Orange County District Attorney Todd Spitzer said the killing “has left our entire community devastated,” while adding, “6-year-old Aiden should have been in kindergarten today, but instead, his family is getting ready for his funeral tomorrow.”

Unfortunately, incidents like this remain all too common across the U.S. Experts say quantifying road rage can be difficult, but it seems to be happening more frequently with every passing year. Statistics show the number of road rage-related deaths and injuries continues to increase at a rate of around 7% per year.

In a 2019 survey, around 80% of drivers said they have experienced some form of road rage within the last month, and 78% of drivers admit to engaging in this kind of behavior themselves.

It’s important to note that aggressive driving is not the same as road rage. Aggressive driving, which includes speeding, cutting off another driver, running red lights, and weaving through traffic, is when a person engages in unsafe driving habits that have the potential to endanger others.

Road rage is even worse. It’s the act of engaging in unsafe driving for the sole purpose of threatening or harming another human being or damaging property. Road rage is responsible for an average of 30 murders every year. The term was first coined in the 1990s when major news outlets started reporting on the subject. Road rage includes:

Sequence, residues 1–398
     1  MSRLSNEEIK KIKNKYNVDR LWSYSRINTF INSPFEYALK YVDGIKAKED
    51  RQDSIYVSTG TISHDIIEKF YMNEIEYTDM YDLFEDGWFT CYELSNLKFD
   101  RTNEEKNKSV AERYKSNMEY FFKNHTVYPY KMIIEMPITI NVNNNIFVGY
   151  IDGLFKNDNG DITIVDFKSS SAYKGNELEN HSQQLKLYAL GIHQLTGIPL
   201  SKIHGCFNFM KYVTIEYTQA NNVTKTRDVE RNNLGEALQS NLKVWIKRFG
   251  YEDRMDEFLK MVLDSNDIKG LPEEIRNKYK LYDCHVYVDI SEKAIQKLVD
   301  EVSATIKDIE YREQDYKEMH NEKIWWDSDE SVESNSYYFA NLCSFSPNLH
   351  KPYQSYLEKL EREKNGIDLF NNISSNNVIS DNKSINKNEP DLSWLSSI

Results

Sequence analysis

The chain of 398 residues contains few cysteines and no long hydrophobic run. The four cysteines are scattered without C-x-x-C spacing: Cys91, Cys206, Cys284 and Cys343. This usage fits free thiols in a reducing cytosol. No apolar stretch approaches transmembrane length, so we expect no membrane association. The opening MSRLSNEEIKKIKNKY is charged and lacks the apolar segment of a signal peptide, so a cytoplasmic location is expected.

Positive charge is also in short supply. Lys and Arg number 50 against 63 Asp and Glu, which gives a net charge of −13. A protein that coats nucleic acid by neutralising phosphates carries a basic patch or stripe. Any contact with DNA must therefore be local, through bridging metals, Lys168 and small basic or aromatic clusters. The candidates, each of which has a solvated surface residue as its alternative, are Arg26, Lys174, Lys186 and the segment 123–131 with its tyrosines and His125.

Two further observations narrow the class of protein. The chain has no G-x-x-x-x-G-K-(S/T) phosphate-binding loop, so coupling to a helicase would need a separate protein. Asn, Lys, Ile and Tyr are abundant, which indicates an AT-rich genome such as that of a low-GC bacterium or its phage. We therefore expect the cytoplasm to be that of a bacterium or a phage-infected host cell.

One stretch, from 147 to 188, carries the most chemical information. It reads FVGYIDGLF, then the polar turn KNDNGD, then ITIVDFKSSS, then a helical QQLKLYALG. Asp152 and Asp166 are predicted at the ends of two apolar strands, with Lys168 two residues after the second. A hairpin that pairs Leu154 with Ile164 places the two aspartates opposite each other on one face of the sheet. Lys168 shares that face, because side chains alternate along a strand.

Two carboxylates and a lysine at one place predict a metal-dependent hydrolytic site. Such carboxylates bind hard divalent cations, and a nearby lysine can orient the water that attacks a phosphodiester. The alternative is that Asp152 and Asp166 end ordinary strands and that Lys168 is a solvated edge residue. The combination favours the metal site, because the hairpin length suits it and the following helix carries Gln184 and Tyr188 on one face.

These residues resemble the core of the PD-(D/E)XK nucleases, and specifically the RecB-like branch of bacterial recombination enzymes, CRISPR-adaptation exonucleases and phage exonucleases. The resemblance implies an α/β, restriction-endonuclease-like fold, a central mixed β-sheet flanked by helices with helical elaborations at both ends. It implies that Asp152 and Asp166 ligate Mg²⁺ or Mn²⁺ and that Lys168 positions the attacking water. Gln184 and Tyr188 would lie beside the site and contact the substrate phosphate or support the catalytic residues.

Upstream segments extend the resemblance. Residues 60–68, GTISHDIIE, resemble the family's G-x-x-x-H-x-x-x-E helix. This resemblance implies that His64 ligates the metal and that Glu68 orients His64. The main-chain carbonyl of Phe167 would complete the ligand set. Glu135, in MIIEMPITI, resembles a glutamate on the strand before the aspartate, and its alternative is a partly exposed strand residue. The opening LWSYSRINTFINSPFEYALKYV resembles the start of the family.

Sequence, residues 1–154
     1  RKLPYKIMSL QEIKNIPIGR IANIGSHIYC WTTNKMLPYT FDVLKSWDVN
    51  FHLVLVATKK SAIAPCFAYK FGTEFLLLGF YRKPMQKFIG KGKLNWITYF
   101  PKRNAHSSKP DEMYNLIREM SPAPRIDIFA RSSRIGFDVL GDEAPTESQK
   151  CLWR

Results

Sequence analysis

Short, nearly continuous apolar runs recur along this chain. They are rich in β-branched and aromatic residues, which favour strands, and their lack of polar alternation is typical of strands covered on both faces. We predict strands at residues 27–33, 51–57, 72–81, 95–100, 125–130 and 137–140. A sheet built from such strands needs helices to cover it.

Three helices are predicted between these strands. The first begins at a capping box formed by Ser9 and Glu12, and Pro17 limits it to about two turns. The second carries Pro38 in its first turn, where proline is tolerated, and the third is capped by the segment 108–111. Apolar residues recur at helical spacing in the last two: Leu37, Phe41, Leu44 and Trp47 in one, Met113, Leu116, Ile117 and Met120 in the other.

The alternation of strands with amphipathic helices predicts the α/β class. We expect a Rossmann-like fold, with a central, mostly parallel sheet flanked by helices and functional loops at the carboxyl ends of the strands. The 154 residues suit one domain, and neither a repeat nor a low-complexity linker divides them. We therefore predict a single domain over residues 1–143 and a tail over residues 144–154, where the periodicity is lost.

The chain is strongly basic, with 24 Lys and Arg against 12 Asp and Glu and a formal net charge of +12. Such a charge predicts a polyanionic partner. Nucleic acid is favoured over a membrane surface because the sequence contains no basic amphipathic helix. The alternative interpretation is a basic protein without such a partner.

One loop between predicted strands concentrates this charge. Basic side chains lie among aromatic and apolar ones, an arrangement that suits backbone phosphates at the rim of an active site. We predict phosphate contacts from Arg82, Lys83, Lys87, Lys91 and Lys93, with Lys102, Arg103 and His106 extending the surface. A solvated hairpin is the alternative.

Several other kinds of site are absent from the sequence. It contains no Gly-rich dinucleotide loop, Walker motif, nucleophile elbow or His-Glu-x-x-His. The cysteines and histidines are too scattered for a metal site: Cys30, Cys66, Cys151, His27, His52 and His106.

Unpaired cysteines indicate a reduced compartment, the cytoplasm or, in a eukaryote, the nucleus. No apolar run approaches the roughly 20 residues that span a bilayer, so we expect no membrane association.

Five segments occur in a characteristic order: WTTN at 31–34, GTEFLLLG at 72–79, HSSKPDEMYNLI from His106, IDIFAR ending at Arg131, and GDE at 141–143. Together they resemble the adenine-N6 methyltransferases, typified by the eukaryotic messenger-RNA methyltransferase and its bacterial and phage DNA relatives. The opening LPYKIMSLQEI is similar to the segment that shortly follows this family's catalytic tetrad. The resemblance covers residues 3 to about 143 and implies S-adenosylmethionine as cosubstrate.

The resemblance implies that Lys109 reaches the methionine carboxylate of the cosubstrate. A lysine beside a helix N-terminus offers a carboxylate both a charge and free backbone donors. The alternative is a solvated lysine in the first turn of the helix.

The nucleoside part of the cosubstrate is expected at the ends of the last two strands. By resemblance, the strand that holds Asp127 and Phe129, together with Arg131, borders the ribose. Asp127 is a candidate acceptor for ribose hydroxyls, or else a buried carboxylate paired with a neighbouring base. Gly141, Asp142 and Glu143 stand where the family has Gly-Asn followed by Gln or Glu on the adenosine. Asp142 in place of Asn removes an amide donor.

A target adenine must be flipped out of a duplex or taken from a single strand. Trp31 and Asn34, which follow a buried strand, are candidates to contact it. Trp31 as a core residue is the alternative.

• Swearing, profanity, and other insulting gestures
  • Hitting, bumping, ramming, or swiping another vehicle
  • Slamming on the brakes when someone is traveling close behind you
  • Forcing another car off the road
  • And other violent acts that pose a threat to other road travelers

Studies show running late to work tends to be the leading cause of road rage, but it can spring up when we least expect it. Around 33% of drivers say long wait times and slow traffic lights can lead to road rage. Also, 25% say that waiting for passengers to get into their vehicles can bring it on, while another 22% say narrow lanes on highways and road closures can set them off.

Resisting the Urge to Rage

No one is immune to road rage. It’s been a difficult year for most of us, especially if you work in healthcare. The added stress of the pandemic coupled with political and economic uncertainty is enough to make anyone’s head explode.

In driver’s ed, they teach you to expect other drivers to make mistakes. If someone does something careless or downright stupid behind the wheel, resist the urge to freak out at them, whether by honking, yelling, or flipping them the bird. You might think you’re doing other drivers a favor by calling out this person’s mistakes, but these kinds of reactions can easily spiral into full-on disputes, many of which can turn deadly. Increase your following distance, stop earlier, and give yourself plenty of room to maneuver around others to avoid any unintentional consequences. 

Try to keep your cool behind the wheel to avoid incurring the wrath of your fellow drivers. 

Scrubs